Comparing Nietzsche and Schopenhauer's Attitudes Towards Life
ABSTRACT: On the basis of his metaphysics, Schopenhauer was led to advocate quietism and resignation as attitudes toward life. In the course of his career, Nietzsche reversed his estimation of Schopenhauer from initial agreement to final excoriation. In what follows, I examine and assess the grounds on which Nietzsche revised his opinion of Schopenhauer as educator of humanity. I argue that three fundamental issues divide Nietzsche and Schopenhauer. The first concerns the eliminability of human suffering. The second regards the value of sympathy to those who feel rather than are recipients of this sentiment. The third is the value of cultivating indifference to the suffering of others. Schopenhauer considers suffering as inextricably bound up with human existence, whereas Nietzsche views suffering as a sign of weakness that is ultimately eliminable from human existence. Schopenhauer assumed that sympathy and compassion have a benign effect upon those who experience these emotions; Nietzsche maintains they have the opposite effect. Contra Nietzsche, Schopenhauer deplores the cultivation of indifference towards the suffering of others. I defend Schopenhauer against Nietzsche on all three issues, though I argue that Schopenhauer exaggerates the ubiquity of human suffering and hence the need and desirability of the cultivation of self-denial.
1. Nietzsche's Revaluation of Schopenhauer
On the basis of his metaphysics, Schopenhauer was led to advocate quietism and resignation as an attitude to life. As is well known, Nietzsche held Schopenhauer's views on this and other matters in far higher esteem at the start of his intellectual career than he did at its end. To illustrate, consider two brief quotations, one from either end of his career. The first is from the early text, Schopenhauer as Educator.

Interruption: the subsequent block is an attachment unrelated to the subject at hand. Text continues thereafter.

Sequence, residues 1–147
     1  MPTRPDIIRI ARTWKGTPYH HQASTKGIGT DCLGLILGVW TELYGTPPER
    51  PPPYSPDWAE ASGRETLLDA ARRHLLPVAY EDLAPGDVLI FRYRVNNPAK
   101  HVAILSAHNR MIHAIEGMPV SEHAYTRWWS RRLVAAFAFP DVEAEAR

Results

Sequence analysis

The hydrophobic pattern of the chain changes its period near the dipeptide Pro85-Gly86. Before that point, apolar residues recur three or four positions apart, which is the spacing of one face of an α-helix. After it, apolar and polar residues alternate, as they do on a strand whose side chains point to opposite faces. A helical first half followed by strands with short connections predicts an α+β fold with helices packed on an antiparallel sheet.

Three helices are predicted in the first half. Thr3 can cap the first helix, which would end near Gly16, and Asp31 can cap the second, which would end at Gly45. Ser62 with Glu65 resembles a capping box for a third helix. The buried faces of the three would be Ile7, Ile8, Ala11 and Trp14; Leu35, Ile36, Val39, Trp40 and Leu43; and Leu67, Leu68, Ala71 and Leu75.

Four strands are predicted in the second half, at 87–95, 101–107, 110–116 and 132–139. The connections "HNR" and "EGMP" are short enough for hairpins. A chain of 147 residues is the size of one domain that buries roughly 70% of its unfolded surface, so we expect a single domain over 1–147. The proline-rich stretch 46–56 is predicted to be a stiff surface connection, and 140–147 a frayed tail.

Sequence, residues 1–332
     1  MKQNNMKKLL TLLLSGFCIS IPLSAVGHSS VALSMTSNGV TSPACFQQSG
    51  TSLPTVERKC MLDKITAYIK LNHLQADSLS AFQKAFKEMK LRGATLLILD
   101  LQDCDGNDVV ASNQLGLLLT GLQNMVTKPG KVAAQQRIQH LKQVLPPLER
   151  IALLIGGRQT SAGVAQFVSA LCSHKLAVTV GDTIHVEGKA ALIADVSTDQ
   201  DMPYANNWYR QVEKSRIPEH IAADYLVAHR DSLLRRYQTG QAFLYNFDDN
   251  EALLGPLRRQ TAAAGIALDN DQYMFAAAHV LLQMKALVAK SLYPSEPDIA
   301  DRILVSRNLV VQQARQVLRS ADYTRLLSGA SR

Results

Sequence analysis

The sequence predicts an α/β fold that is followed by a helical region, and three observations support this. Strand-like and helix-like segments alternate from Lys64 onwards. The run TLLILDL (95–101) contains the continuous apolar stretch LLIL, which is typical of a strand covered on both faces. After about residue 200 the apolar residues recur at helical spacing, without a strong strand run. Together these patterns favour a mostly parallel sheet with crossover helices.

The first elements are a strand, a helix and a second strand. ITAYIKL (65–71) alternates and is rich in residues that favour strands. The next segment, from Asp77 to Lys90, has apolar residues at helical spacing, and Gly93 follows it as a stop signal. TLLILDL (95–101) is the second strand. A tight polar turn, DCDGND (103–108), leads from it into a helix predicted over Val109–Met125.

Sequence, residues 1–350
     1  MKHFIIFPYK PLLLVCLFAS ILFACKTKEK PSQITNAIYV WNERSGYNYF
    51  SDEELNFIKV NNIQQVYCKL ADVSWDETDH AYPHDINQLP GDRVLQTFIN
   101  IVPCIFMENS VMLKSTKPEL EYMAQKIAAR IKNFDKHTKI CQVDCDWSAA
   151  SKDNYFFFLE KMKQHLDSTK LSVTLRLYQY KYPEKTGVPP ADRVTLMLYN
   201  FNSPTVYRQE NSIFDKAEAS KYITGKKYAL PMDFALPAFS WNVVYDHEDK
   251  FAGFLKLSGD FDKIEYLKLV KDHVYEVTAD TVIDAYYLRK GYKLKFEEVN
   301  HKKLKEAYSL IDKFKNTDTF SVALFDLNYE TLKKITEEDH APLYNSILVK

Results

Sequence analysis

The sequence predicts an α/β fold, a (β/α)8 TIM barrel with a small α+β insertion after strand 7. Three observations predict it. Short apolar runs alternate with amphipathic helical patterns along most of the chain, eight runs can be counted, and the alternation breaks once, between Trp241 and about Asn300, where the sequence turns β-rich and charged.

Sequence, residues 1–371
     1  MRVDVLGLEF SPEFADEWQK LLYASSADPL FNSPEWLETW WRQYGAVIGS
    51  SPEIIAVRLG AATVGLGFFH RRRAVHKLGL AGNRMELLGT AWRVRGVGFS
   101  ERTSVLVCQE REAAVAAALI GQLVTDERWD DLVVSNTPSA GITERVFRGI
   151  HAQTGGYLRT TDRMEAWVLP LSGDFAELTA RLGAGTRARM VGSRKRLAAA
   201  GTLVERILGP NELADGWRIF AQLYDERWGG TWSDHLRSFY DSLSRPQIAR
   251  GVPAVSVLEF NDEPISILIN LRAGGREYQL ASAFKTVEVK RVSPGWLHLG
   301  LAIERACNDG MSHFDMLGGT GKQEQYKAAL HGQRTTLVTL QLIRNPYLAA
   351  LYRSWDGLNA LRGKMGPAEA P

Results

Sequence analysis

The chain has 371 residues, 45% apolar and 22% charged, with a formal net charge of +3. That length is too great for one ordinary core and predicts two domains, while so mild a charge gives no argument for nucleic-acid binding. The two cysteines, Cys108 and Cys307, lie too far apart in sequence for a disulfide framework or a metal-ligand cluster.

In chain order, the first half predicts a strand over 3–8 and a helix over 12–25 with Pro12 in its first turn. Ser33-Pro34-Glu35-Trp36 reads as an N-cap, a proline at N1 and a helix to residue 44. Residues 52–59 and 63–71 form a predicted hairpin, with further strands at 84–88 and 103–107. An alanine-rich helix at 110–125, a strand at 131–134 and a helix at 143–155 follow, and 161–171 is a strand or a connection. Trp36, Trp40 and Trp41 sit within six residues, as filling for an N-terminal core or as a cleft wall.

I judge a philosopher by whether he is able to serve as an example....[Schopenhauer's] greatness is the fact that he faces the picture of life as a whole in order to interpret it as a whole.... Schopenhauer's philosophy should be interpreted ... by the individual ... in order to gain insight into his own misery, needs and limitations and to know the antidotes and consolations; namely, sacrifice of the ego, submission to the noblest intentions, and above all, justice and mercy. He teaches us how to distinguish between real and apparent advancements of human happiness, how neither becoming rich, nor being respected, nor being learned can raise the individual above his disgust as the valuelessness of his existence, and how the struggle for all these good things is given meaning only by a high and transfiguring goal: to win power in order to come to the help of nature, and to correct her foolishness and clumsiness a little — at first, admittedly, solely for oneself, but eventually for everybody.... This is a struggle which in its deepest and innermost nature leads to resignation. (1)